Thursday, June 13, 2024

AMLO repeats belief that citizens should decide abortion issue

President López Obrador has once again proposed holding a citizens’ consultation to decide whether abortion should be legalized in Mexico, stating that “the democratic method” is the best way to resolve controversial issues.

Speaking after Argentina’s Senate legalized elective abortion on the penultimate day of 2020, López Obrador said the people, not the government or the Catholic Church, must decide whether women should have the right to terminate a pregnancy.

“In very controversial issues, the best thing … is to consult citizens, nothing should be imposed,” the president said while declining to take a position himself.

“Everything should be in accordance with the majority decision of the people, in this case women. Let them decide freely, … the best method to resolve discrepancies [and] differences is the democratic method, that’s what I’ve always maintained,” he said.

The government must obey the people and not impose anything, López Obrador added.

“I don’t believe it’s advisable to take a decision from above, even when there is legal and legitimate representation, as the legislative [power] is. I believe that in these cases, the best thing is the application of participatory democracy. Power structures shouldn’t intervene. … [Abortion] shouldn’t be a matter of government or the [three] powers or churches but rather a matter for women.”

One of the president’s favorite catch phrases is “with the people everything, without the people nothing” and indeed he has already held public consultations to determine the fate of a range of infrastructure projects. They include the former government’s Mexico City airport, a private brewery project in Mexicali and his administration’s Maya Train railroad.

A referendum on abortion, which López Obrador has proposed previously, would be the government’s first public consultation on a social issue.

Abortion is currently legal in just two of Mexico’s 32 federal entities, Mexico City and Oaxaca, where women can legally terminate a pregnancy in the first 12 weeks. Some other states allow abortion in cases of rape or to protect the life of the mother.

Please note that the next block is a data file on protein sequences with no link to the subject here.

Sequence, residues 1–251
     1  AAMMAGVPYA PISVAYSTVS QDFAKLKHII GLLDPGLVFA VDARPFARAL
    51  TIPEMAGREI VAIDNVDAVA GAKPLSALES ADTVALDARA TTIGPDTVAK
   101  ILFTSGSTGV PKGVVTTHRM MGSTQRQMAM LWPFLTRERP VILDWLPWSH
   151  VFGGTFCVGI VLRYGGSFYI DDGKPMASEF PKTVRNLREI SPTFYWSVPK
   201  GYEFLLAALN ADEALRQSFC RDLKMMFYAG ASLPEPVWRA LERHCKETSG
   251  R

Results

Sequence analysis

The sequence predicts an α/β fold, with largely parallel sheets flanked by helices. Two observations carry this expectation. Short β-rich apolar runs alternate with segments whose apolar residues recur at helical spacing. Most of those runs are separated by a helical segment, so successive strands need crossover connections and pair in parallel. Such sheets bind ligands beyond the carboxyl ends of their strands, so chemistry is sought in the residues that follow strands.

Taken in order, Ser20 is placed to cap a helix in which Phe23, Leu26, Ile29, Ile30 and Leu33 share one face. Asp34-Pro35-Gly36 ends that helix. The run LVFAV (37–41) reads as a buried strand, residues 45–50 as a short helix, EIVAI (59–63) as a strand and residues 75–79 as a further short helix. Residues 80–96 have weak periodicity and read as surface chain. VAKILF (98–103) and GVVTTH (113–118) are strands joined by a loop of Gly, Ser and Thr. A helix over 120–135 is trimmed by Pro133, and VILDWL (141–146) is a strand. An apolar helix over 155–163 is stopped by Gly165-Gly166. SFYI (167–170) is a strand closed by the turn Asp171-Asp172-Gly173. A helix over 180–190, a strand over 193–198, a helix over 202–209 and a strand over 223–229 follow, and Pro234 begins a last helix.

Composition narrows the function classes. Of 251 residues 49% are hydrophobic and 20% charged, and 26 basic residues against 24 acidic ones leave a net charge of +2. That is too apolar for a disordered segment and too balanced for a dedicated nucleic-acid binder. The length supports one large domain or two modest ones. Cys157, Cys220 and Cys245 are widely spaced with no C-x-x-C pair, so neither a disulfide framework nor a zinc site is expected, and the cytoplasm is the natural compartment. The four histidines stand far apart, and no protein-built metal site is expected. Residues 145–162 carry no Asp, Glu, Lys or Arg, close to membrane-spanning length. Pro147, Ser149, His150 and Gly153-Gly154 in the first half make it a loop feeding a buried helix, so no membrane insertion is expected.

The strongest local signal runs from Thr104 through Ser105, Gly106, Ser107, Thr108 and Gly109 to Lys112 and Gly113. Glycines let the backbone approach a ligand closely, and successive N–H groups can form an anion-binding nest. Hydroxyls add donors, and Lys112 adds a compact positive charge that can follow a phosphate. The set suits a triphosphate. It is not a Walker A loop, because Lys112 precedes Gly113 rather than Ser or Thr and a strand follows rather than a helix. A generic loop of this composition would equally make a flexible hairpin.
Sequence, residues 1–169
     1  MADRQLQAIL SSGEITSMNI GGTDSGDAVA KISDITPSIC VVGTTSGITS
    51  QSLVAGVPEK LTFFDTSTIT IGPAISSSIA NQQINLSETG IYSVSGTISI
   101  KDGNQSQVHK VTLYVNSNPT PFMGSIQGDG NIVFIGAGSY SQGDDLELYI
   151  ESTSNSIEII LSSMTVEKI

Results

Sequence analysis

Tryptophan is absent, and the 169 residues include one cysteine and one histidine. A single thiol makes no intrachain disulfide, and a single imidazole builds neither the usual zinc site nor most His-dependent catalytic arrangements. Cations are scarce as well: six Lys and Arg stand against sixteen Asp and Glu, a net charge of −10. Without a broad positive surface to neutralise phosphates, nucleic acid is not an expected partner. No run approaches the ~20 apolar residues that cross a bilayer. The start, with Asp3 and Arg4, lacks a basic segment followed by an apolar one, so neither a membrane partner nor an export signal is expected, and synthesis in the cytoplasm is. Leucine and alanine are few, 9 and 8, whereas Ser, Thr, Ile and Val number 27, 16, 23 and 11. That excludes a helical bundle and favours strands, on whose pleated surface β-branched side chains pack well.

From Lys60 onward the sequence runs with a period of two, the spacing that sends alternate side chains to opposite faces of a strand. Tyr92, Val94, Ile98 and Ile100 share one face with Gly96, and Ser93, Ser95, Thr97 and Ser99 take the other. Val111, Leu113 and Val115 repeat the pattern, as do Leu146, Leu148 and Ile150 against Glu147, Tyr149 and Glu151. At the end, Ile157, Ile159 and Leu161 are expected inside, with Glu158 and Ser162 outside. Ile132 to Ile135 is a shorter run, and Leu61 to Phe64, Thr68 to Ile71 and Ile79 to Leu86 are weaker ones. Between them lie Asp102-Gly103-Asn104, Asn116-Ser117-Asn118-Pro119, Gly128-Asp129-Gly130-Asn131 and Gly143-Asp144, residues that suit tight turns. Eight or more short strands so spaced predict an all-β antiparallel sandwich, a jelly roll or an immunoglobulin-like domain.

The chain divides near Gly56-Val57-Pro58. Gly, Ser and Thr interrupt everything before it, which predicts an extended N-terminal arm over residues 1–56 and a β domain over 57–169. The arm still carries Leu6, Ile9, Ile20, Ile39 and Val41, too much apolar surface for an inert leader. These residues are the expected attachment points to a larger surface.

López Obrador’s proposal to put nationwide legalization to a vote triggered criticism from some opposition party lawmakers who charged that human rights mustn’t be subjected to consultation.

“The Mexican state is obliged to guarantee what is established in article 1 of the constitution, … regarding human rights. The first person to respect them must be the head of the federal executive,” said Verónica Juárez Piña, leader of the Democratic Revolution Party in the lower house of Congress.

She described López Obrador’s proposal to hold a consultation on abortion as authoritarian, sexist and a backward step, asserting that the government should follow the recommendations of the Supreme Court, which ruled in 2008 that Mexico City’s decision to decriminalize abortion in the first 12 weeks of pregnancy was constitutional.

Martha Tagle, a deputy with the Citizens Movement party, said on Twitter:

“1. Rights aren’t put to consultation, the state guarantees them. 2. It’s up to the legislative power to decriminalize and legalize [abortion.] 3. It’s about recognizing women’s right to decide about their bodies.”

In another tweet, Tagle said: “If López Obrador says that ‘the people’ decide, he must recognize every woman’s right to decide if she continues or not with a pregnancy  [and] to decide [what’s right] for her body. That’s why abortion must be decriminalized.”

There was optimism among pro-choice activists that the Supreme Court would deliver a ruling last July that would pave the way for the decriminalization of abortion across Mexico. But four of five judges of the court’s first bench voted against upholding an injunction granted in Veracruz that ordered the state Congress to remove articles from the criminal code that stipulate that abortion in the first 12 weeks of pregnancy is illegal.

If the Supreme Court had upheld the injunction, the decision would have set a precedent that could have led to further court orders instructing state legislatures to legalize first-trimester abortion.

Source: El Universal (sp) 

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